My offering to Black History Month is dedicated to a man whom I knew and by whom I had the pleasure of seeing history being made right before my eyes. His words rang out in prose and song on the initial occasion of our meeting in Philadelphia in 1999. On many occasions thereafter, I was blessed to share meals with him, listen to his speeches, learn from his wisdom, and enjoy the splendor and “shade” of this tall, deep-rooted, majestic tree known as Edward Robinson, PhD. (1918-2012)
Not as well-known as other Black historical figures but equally important, Robinson is known for his unrelenting dedication and commitment to teaching the history of the African continent, with a very special emphasis on assuring that our young people know and appreciate their African history.
Far be it from me to make any attempt at telling the Edward Robinson story in its entirety. His wife, Harriette, along with folks such as Bob Lott, television producer and director, Ali and Helen Salahuddin, founders of the d’Zert Club, and too many others to name are far better suited to tell his story. But my limited knowledge of this giant will certainly not limit everyone from knowing more about him because there is an upcoming television docudrama on his life and work planned to be released in this summer.
Co-author of the book, Journey of the Songhai People, Robinson always emphasized the importance of Black people dealing with the problems we face rather than their symptoms. One major problem he always reminded us of is that we (and others) have been programmed to hate everything African about ourselves. He worked hard, through writing, lecturing, and film to teach us African history; he had a unique sense of self-love and an exceptional ability to connect with people. His mantra centered on “race esteem” among Black people.
Robinson believed very strongly in African-centered education and worked for years to get the curriculum he developed taught in the Philadelphia public school system. As a result, he was successful in making the teaching of African history mandatory for the 180,000 student population.
Mentor to brothers and sisters of all ages, Robinson always made time to assist others with their programs, projects, and initiatives. He was a central figure in the formation of the MATAH Network, a Black-owned and operated national distribution company, founded in 1996 by Kenneth Bridges and Al Wellington and comprising thousands of members across the country. Robinson was unapologetically African centered and worked every day to share his knowledge with his protégés and the general public. To that end, he developed and nurtured relationships with individuals and organizations, which propelled him to prominence in a variety of local and national educational, economic, professional, and social circles.
An author, vocalist, corporate CEO, professor, and teacher, Ed Robinson is definitely someone you should know, not only for Black History Month but for the rest of your life. And you should teach your children about him as well in an effort to replicate and sustain the work he began. He understood how important it is for us to love ourselves, to value ourselves, to respect ourselves, and to learn about ourselves. He understood more than most the power and importance of self-determination and defining ourselves rather than allowing others to define us.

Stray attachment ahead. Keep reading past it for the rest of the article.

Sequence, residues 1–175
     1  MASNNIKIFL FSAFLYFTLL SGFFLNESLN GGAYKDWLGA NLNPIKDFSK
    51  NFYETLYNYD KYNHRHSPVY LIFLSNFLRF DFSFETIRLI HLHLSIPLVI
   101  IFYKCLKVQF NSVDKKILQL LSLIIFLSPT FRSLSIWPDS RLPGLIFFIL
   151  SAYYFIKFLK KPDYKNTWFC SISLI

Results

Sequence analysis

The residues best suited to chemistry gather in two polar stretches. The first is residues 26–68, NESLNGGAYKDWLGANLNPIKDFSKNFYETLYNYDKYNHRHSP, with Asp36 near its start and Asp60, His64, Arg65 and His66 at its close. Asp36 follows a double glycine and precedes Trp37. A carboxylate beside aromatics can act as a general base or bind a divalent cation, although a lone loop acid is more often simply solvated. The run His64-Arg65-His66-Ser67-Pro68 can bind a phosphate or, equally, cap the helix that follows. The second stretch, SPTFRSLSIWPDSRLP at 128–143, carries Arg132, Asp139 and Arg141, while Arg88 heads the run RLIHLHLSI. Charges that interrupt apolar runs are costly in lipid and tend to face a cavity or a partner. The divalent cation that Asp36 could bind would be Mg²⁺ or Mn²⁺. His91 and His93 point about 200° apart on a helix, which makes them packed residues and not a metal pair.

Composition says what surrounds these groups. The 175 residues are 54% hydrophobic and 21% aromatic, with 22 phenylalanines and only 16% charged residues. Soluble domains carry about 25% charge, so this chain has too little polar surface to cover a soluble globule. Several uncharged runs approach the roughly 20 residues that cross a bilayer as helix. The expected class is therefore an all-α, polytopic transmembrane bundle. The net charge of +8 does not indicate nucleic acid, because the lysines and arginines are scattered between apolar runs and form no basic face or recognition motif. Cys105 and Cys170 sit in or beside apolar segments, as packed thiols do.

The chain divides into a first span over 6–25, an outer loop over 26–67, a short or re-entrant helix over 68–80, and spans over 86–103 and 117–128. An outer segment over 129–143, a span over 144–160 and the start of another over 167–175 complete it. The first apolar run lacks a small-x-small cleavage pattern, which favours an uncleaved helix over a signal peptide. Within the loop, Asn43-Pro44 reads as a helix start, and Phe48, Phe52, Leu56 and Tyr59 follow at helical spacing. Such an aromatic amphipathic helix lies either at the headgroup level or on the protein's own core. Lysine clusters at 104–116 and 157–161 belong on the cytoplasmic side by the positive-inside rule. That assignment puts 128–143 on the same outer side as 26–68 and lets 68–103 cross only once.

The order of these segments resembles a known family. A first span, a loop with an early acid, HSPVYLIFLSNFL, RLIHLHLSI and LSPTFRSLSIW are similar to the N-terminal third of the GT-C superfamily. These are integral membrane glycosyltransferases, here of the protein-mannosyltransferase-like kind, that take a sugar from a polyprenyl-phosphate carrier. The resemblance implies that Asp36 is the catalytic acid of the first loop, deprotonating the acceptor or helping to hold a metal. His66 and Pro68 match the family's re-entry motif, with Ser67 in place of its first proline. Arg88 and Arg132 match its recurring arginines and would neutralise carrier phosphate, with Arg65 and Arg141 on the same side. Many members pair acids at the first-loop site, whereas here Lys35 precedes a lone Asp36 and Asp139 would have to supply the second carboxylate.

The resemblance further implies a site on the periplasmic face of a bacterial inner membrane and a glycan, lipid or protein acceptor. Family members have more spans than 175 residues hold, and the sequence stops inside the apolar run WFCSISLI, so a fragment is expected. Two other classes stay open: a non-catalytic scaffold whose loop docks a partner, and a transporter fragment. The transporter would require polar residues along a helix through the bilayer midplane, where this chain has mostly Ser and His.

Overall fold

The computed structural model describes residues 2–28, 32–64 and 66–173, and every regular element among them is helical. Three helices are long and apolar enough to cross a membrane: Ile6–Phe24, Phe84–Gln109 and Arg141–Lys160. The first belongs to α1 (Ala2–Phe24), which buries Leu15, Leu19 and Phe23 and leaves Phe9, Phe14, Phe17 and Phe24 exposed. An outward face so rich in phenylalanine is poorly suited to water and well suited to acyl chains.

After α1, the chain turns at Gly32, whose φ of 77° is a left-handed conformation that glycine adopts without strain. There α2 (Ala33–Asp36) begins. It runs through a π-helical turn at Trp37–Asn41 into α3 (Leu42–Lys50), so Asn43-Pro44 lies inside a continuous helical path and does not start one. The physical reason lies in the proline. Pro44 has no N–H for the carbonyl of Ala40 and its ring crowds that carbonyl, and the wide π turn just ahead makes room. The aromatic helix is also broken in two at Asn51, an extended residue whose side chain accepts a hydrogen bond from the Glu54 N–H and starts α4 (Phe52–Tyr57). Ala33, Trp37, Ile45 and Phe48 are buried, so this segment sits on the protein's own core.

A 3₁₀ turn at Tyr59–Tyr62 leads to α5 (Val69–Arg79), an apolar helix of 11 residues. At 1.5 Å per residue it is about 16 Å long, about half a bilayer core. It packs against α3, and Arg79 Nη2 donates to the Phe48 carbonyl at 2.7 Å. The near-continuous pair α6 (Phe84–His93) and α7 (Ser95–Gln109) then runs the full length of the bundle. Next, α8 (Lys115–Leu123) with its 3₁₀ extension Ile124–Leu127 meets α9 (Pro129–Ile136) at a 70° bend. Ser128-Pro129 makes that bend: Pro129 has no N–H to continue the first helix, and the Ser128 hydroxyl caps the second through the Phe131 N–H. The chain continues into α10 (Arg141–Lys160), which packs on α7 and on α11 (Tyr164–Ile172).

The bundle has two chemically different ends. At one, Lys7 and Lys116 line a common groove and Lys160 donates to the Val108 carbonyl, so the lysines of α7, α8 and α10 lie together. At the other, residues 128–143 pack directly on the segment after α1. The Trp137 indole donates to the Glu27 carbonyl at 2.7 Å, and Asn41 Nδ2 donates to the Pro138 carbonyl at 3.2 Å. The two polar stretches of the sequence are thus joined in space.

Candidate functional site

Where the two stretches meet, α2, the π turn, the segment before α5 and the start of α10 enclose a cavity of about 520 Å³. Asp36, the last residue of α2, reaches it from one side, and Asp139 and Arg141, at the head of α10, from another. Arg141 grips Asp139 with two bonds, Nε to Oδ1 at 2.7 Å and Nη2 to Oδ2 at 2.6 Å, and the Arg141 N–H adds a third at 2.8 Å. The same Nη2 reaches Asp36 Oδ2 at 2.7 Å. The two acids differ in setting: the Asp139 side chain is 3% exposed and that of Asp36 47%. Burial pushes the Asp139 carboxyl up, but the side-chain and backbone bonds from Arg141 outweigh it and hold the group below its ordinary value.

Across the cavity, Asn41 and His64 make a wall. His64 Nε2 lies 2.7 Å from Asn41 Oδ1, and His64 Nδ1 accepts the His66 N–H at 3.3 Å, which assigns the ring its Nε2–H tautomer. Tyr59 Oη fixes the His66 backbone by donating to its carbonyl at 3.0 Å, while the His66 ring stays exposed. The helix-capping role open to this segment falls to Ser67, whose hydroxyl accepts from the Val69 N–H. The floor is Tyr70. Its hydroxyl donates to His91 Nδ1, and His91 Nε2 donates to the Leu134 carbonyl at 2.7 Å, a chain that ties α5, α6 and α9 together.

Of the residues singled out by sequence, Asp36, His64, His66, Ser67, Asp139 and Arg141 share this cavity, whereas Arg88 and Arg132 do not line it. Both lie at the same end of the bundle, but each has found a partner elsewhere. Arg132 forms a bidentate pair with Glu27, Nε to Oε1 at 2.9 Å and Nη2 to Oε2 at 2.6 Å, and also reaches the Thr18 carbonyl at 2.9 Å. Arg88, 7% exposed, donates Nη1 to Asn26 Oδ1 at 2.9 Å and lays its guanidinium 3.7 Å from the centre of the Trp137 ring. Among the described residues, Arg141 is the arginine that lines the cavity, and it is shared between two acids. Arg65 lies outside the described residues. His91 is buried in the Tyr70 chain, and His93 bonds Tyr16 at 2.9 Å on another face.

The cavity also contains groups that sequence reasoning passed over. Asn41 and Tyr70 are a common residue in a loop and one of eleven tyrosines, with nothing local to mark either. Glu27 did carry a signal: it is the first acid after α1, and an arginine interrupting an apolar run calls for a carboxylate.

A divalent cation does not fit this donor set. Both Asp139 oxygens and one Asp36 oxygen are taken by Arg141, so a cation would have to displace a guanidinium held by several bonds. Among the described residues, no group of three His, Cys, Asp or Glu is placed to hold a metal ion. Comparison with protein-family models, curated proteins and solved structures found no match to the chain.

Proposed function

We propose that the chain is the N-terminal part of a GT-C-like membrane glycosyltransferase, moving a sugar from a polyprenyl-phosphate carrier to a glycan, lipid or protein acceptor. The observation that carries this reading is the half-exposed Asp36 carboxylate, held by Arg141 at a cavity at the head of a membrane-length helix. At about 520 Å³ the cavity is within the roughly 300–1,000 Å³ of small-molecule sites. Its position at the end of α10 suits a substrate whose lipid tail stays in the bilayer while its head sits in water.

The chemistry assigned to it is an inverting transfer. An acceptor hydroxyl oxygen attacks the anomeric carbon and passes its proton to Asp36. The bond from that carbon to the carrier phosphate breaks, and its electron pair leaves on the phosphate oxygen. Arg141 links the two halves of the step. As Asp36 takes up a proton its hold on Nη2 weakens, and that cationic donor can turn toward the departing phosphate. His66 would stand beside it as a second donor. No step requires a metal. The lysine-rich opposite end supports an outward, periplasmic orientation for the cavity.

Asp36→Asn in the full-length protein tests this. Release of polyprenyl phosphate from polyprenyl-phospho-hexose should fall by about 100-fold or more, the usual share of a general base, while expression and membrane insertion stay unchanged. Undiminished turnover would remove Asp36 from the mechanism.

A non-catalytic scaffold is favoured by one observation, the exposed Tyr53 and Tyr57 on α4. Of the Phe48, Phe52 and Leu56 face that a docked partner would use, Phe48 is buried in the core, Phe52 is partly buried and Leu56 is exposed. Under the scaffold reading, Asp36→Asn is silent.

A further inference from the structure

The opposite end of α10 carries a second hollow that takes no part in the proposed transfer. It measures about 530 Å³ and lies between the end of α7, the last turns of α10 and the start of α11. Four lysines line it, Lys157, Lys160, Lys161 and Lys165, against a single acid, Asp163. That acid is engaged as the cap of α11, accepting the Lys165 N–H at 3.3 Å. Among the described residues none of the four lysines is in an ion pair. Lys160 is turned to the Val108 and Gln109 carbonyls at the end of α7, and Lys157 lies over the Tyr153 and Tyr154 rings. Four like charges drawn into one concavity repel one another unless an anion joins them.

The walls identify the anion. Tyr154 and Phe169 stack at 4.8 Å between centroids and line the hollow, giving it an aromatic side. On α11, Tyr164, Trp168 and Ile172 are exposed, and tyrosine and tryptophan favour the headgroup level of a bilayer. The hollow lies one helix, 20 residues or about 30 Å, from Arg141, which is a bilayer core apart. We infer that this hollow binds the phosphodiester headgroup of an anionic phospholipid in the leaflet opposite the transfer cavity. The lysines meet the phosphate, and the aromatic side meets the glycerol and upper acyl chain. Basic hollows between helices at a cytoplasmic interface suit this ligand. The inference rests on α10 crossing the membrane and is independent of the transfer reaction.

For the majority of his 94 years, Robinson worked toward one goal: To effect a positive change of attitude toward the ancestral value of people of African descent by the total world society by dramatically exposing the beauty, grandeur, and sophistication of ancient Egypt and the Songhai Empire.
The eloquence of his speeches, the haunting lyrics of his songs and his Robeson-like treatment of them, his warmth and humility, and his love for Black people are indeed worthy of our remembrance and emulation not only during Black History Month but forever. Robinson’s stature is similar to that of W.E.B. DuBois, Frederick Douglass, and Marcus Garvey, just to name a few. We should attribute to him well deserved acclaim by celebrating his life in prose and in visual media, which he so strongly believed was the key to our learning, and lift up and preserve for our young people yet another positive role model of Black History.
There is and African aphorism that states: Until lions have their own historians, tales of the hunt shall always glorify the hunter. Robinson was a lion and we must be his historians; we must tell his story; we must glorify this lion – our lion – because the hunter never will.
The soon to be released video docudrama, produced by Bob Lott, a long time and very close friend of Edward Robinson, will initiate the process of glorifying one of our lions. It will also open our eyes to a giant of a man who dedicated his life to raising awareness about the beauty, intelligence, and strength of ancient African empires. Most importantly, the portrayal of Robinson’s work, passion, and knowledge will give us direction on how to break free from the bondage of psychological enslavement. See www.drrobinson.org for more information on the life of this Elder.
Jim Clingman, founder of the Greater Cincinnati African American Chamber of Commerce, is the nation’s most prolific writer on economic empowerment for Black people. He is an adjunct professor at the University of Cincinnati and can be reached through his Web site, blackonomics.com.